Also, if you've ever gotten a one star review on Amazon, this idea of your ideal reader can help explain that. This school of thought holds that one star reviews are a sign that your book is reaching the wrong audience, not that your book stinks. For instance, many of my science fiction friends would give any romance book a one star review.

Of course there are books which are truly horrid in the sense that they contain bad grammar. And, certainly, there many stories--whether traditionally or indie published--that contain plot holes, flat characters and impossibly purple prose. 

That said, I think usually these kinds of books sink silently without garnering mention. A one star review, especially a scathing one, is evidence that, with your prose, you reached out and touched someone. Just not in a way they found pleasant! But, so what? Your story elicited strong emotion. Put that in the win column and move on.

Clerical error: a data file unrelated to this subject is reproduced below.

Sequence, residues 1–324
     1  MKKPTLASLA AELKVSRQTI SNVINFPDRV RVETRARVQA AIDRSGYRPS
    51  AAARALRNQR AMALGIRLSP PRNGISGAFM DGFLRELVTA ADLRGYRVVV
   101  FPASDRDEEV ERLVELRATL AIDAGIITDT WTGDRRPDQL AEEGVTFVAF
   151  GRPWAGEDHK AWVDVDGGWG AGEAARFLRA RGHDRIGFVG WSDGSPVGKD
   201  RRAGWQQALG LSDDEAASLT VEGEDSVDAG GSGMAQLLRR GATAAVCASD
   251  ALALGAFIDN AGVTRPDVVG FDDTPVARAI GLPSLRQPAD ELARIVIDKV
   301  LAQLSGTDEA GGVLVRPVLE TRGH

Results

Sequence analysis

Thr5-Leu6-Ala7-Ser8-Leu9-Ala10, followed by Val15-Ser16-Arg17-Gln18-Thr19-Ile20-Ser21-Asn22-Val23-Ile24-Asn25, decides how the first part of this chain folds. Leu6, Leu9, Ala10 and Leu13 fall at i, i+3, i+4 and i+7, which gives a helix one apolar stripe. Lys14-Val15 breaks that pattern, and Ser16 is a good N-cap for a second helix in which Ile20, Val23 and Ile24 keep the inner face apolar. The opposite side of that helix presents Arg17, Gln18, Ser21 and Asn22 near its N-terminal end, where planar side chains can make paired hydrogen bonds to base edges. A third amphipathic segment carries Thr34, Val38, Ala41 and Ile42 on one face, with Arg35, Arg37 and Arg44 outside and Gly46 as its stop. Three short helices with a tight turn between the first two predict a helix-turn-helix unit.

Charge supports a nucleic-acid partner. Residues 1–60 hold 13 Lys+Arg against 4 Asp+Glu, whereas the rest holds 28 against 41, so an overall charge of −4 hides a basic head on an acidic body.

I want say more--a lot more!--about ideal readers, but the best thing to do is buy the book, Write. Publish. Repeat, and read it for yourself. At the moment it's on sale for $2.99 until December 7th, 2013.

Again, here's a link to the book on Amazon.

Good writing!

Photo credit: "desert highway" by Robert Couse-Baker under a Creative Commons Attribution License.

Sunday, November 11

Serial Fiction: Is It Profitable?

Serial Fiction: Is It Profitable?

For the past few months I've been thinking of experimenting with serial fiction. One thing I'm wondering is whether it's financially profitable.

You've heard, no doubt, that Charles Dickens was one of the first to serialize a story, The Pickwick Papers, in 1836 and that it was a great financial success, but the form seems to have fallen out of favor with readers ... although perhaps less so with listeners. (Serial, Wikipedia)